Are Magic Mushrooms the answer to the mental health crisis? A perspective on the route to the legalised use of psilocybin


If work related stress, loneliness and financial debt have been slowly chipping away at our collective mental wellbeing, then the Covid-19 emergency has been like a sledgehammer. A recent report published in the International Journal of Medicine found that there is a high probability that suicide rates will increase to such an extent that they may become a significant public health issue in countries across the world even after the pandemic is over.

The greatest contributing factor to suicide is depression. It is a significant socio-economic and medical challenge in the UK – it costs the economy £10 billion annually. The most common medicinal treatments available for depression and anxiety include benzodiazepines and Selective Serotonin Reuptake Inhibitors (“SSRIs”), such as Prozac and Sertraline more commonly known as antidepressants. Aside from the many side effects associated with Benzos and SSRIs, a recent report titled ‘The Medicinal Use of Psilocybin’ – authored by leading doctors and researchers from King’s College, London and the University of Manchester (the “Report”) – explained how existing therapies for depression are not adequate for approximately 30% of patients and that 1.2 million British residents are estimated to be living with treatment-resistant depression.

The Report, as the title might suggest, advocated for the administration of psilocybin (more commonly known as ‘Magic Mushrooms’) as a potential solution to the problem of depression. Early phase trials have indicated that the use of psilocybin is likely to have lasting therapeutic benefits for those suffering from treatment-resistant depression, such as obsessive-compulsive disorder, substance misuse disorders, and end-of-life anxiety. So what’s to stop us from learning more about this potentially revolutionary substance?

The Legal Barrier

Psilocybin is currently listed in Class A of the Misuse of Drugs Act 1971 and in Schedule 1 of the Misuse of Drugs Regulations 2001. That is the same class as crack cocaine and heroin, which means that those in possession may face up to 7 years in prison, an unlimited fine or both. Whatever your feelings might be about people being sent to prison for 7 years for possessing a mushroom, the Report concentrates on what the authors see as a more immediate issue: the Schedule 1 classification.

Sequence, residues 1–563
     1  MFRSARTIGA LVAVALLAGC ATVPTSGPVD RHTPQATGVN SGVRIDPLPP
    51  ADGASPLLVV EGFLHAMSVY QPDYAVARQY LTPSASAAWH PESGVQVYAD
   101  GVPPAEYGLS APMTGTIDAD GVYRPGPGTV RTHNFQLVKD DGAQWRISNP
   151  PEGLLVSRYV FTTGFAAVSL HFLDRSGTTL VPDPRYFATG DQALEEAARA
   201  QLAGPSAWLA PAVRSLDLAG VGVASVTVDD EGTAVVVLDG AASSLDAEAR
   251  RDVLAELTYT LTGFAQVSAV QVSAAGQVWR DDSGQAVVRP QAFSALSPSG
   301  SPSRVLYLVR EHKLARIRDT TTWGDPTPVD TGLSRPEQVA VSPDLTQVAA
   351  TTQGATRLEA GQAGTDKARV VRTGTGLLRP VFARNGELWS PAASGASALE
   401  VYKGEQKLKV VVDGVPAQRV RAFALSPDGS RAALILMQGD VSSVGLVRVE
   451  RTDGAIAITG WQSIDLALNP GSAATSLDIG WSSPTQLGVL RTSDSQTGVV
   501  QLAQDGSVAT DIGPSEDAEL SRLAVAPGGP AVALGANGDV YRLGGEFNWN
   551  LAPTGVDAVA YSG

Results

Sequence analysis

The Schedule 1 regulations present three major problems for those carrying out clinical research. Firstly, the license applications are extremely difficult, with researchers often waiting for months or years for approval, which has a significant impact on costs, particularly for smaller research projects. Secondly, the need to contract external pharmacies to ensure that the sites comply with the extremely strict security requirements, again increasing costs. Thirdly, the stigma associated with carrying out trials of a Schedule 1 drug. The introduction of the Report best describes how this stigma affects research projects:

“The burdens of Schedule 1 are well known in the research and commercial pharmaceutical communities; they prevent many studies from taking place – and substantially complicate those that do. Large-scale phase 3 trials are exceptionally difficult to undertake under Schedule 1 controls, yet they must be done to determine the efficacy of psilocybin for market authorisation as a medicine, which will further develop its commercial potential. Acting swiftly to review the controls on psilocybin is the single greatest contribution that the Government could make to support research in this area.”

This last sentence addresses the question of what can be done.

The Legal Remedy

There is already a precedent for reclassifying a Schedule 1 substance. In November 2018 the Home Secretary – prompted by the cases of two children who had been denied access to cannabis oil to control their epileptic seizures – carried out a review of cannabis regulation. The result was that a new category of generally unlicensed cannabis-based products – called ‘cannabis-based product for medicinal use in humans’ (“CBPM”) – were created in order to allow CBPM to be prescribed as unlicensed medicines to patients with a special clinical need. Those special clinical needs are two types of epilepsy.

The Report argues that a similar “high-priority ACMD review into the access-restricted rescheduling of psilocybin under the Misuse of Drugs Regulations 2001” should be commissioned by the Home Secretary urgently, given that almost three times more people with depression or another mood disorder die from suicide than complications with epilepsy. The net result is that unless the Government takes urgent action, they could face similar pressure and high-profile cases as those involving the prescribed use of CBMS. The ongoing case of Charlie Hughes whose parents were given permission for judicial review by Mr Justice Holman in July this year reveals where the legalised use of psilocybin may be heading in the not too distant future.

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Nima Zahed-Khorassani is a passionate advocate for the use of psychedelic medicines for the treatment of mental health.

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